Almost 95% of the cases in Tax Court involve deficiency procedures. You can see the Court’s description of the numbers and kinds of cases it receives here on p. 21. The National Taxpayer Advocate’s annual report provides a look at where the deficiency cases have come from over the past several years in a chart from page 198 of that report. Here it is:
It comes as no big surprise that the bulk of Tax Court cases come from Correspondence Examination, which means that the bulk of Tax Court cases are from low or lower middle-income taxpayers, which means that the bulk of Tax Court petitioners are pro se. Another graph the NTA displayed in her report shows this very well. See here:
Looking at the chart about the types of cases that come to Tax Court also allows you to see that when the recent blog post showed that Appeals’ percentage of settled cases is declining, this means that it is failing to settle the cases of low income taxpayers.
There could be multiple reasons for that, not all of which have anything to do with the effectiveness of Appeals. Low income taxpayers may be less likely to settle cases because they don’t know how to use the system to its fullest and also don’t know whether something is a good settlement or not. Appeals may also be uncomfortable settling cases that will heavily turn on the testimony and the credibility of a witness they cannot see across the table. As the mix of cases is skewing more and more to the lowest income, least represented segment of the population, Appeals has struggled to keep up its settlement numbers.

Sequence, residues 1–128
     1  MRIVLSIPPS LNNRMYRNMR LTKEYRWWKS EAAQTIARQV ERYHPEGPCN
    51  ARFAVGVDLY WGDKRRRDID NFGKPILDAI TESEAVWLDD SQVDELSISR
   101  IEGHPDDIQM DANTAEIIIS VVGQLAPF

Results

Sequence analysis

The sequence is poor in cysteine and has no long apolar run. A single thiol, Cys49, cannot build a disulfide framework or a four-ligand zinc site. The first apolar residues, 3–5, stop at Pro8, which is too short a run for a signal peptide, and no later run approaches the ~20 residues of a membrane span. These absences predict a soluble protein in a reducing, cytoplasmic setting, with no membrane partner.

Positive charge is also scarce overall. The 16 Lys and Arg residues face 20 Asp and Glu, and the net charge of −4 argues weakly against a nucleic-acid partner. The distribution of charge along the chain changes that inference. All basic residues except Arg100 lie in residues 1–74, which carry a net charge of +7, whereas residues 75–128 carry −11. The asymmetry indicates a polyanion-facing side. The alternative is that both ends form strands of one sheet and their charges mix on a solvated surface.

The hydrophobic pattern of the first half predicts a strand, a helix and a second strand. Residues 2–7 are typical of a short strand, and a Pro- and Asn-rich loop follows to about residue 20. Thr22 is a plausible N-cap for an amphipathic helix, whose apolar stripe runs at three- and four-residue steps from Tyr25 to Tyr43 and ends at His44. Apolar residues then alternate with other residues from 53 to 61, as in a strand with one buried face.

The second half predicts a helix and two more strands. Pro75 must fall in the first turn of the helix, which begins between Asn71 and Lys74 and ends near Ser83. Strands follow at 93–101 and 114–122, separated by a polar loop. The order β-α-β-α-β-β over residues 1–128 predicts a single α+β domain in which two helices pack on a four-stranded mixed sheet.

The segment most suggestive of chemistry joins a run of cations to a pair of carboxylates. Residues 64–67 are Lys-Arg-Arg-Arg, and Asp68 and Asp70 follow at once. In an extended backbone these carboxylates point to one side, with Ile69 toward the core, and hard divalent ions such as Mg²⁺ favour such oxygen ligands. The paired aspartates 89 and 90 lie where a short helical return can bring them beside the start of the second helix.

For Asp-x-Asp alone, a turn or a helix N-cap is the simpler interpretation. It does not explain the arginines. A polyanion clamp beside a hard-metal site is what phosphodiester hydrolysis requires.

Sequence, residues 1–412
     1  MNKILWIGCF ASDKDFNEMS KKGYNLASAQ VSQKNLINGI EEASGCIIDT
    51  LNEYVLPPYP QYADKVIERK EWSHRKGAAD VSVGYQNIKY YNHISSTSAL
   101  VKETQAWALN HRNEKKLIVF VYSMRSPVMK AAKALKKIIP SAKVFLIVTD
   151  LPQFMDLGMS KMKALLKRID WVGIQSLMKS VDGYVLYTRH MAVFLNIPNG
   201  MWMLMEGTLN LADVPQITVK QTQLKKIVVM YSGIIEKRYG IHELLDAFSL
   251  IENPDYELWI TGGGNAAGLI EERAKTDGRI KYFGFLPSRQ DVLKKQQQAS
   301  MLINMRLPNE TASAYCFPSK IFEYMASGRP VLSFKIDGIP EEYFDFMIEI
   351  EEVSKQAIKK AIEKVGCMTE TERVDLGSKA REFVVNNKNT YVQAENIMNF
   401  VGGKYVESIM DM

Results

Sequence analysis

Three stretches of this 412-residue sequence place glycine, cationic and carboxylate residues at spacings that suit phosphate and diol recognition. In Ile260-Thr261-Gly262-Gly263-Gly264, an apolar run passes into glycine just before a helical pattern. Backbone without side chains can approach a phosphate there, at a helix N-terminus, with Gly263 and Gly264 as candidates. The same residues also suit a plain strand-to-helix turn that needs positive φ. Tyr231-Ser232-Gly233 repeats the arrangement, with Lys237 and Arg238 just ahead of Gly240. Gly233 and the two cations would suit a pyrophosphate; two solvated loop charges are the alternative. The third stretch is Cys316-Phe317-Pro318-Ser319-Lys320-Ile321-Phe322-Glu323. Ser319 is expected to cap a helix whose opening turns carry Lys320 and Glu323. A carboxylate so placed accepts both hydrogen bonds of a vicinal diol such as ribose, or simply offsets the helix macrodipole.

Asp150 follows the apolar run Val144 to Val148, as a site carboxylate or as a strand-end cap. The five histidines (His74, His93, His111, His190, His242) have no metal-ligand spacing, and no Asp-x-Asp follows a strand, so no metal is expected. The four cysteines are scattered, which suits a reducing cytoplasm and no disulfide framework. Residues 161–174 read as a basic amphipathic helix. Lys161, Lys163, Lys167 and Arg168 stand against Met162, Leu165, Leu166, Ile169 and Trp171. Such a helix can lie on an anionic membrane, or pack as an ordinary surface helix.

There is a tight correlation between the types of people the IRS examines and the cases that come to the Tax Court. This is not a news flash. I witnessed a huge swing in the types of cases coming into a field office in Chief Counsel during my three decades. Undoubtedly, the mix of cases will continue to change as the IRS prioritizes different work and as Congress passes laws or provides funding that also change priorities and possibilities. Related to this, see the recent announcement from Chief Counsel that signals a possible big shift in the cases it will work:
Issue Number: IR-2022-17
Inside This Issue
IRS Chief Counsel looking for 200 experienced attorneys to focus on abusive tax deals; job openings posted
WASHINGTON – The Internal Revenue Service’s Office of Chief Counsel today announced plans to hire up to 200 additional attorneys to help the agency combat syndicated conservation easements, abusive micro-captive insurance arrangements and other tax schemes.
“Combating abusive tax transactions that threaten to undermine our tax system remains a top priority for our enforcement efforts,” said IRS Commissioner Chuck Rettig. “It’s critical we work to ensure a fair tax system and adding these new attorneys will help us in on our ongoing efforts in this arena.”
These positions will be available around the country, and the IRS encourages qualified candidates to apply. The first announcements for these positions have already been posted on USAJOBS. Interested persons should apply today or as soon as possible via the following announcements:
– Large Business & International Positions: USAJOBS – LB&I Attorney Announcement
– Small Business/Self Employed Positions: USAJOBS – SB/SE Attorney Announcement